Who will take over for Osama bin Laden as the head of Al-Qaeda? And will he be able to hold together the organization?
My colleague John Schindler gives his evaluations (in the New York Daily News):
Ayman al-Zawahiri, the chief ideologist of the Salafi jihad movement, is old, appears tired in most of the videos we have seen in recent years and is dogmatic and long-winded. He is considered at best a has-been by the younger generation of jihadists, at worst a bore. ...
Another possibility is Anwar al-Awlaki, the verbose sensation from New Mexico who has been the American-accented voice of the jihad coming out of Yemen. Certainly his following is impressive, judged by YouTube hits, but his operational experience is nil. He is a far from an ideal choice for an organization devoted to waging holy war by the sword.
The converse problem lies before Saif al-Adel, a former Egyptian Army officer and longtime fighter. While he is well known among jihadists for his strategic writings, which display a degree of sophistication that ought to be troubling to the West -- he had the sense to counsel against 9/11, knowing it would provoke a terrible American wrath -- he has been on the run virtually since that day. ...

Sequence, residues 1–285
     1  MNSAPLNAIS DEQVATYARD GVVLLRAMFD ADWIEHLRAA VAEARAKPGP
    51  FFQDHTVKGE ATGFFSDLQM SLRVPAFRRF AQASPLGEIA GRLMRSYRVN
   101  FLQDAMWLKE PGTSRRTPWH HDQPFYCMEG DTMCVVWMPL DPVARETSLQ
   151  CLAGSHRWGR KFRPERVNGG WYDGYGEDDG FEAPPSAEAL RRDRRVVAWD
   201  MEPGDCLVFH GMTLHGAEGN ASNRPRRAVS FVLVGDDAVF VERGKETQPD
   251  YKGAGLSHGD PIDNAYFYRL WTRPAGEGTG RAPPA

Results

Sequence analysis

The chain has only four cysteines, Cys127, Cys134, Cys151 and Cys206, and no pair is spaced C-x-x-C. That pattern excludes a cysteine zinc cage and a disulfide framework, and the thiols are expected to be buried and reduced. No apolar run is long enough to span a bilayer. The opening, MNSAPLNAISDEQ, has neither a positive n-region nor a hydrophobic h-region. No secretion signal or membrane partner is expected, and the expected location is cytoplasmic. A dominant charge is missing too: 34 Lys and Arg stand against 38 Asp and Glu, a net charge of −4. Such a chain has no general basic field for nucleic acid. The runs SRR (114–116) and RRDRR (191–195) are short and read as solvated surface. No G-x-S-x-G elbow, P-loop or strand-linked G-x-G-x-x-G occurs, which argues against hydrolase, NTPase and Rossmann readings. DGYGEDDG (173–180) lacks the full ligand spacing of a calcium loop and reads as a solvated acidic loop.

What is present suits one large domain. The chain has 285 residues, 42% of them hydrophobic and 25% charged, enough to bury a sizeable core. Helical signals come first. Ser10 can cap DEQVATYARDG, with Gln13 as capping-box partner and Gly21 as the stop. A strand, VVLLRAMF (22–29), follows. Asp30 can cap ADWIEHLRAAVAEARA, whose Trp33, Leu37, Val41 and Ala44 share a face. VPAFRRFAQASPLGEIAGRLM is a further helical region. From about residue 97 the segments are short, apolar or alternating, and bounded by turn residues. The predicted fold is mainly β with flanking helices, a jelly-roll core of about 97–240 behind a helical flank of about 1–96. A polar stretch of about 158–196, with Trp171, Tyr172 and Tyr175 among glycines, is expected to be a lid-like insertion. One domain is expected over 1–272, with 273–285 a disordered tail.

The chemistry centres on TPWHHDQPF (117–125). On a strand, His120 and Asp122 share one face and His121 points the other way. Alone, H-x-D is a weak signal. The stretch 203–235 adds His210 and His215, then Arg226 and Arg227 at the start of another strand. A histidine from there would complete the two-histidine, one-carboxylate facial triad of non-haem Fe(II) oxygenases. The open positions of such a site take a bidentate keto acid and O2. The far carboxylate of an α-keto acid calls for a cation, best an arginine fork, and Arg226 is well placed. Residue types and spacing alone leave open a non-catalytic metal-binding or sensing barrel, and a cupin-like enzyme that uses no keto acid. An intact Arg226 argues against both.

One who combines both media savvy and combat experience -- yet has been overlooked by many commentators -- is Abu Yahya al-Libi, a relatively young warrior with a great deal of jihad under his belt. Unlike most Al Qaeda higher-ups, he has substantial theological training and real media presence. His videos are eloquent and popular with the ranks. He also is a combat veteran of impressive stature.
And writing in The National Interest, he adds another contender to the list:
As al-Qaeda searches for a new leader, one of the candidates is reported to be Ilyas Kashmiri, a Pakistani jihadist with a low public profile but much operational experience, including plans to attack the United States directly. Kashmiri has been waging holy war since the 1980s and has a long relationship with the ISI, reportedly dating to the struggle against the Soviets in Afghanistan. He faces indictment in the U.S. for his close links to David Headley. While it is unlikely that al-Qaeda, whose leadership to date has been heavily Saudi and Egyptian, would want a Pakistani to take over, Kashmiri's extensive experience would undeniably help keep the global jihad going.